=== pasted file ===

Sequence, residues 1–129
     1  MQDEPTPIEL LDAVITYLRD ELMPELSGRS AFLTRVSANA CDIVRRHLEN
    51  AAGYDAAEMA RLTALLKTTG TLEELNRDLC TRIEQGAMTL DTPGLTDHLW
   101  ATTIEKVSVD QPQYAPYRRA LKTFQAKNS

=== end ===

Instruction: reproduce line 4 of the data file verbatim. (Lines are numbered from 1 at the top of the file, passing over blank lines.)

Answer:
   101  ATTIEKVSVD QPQYAPYRRA LKTFQAKNS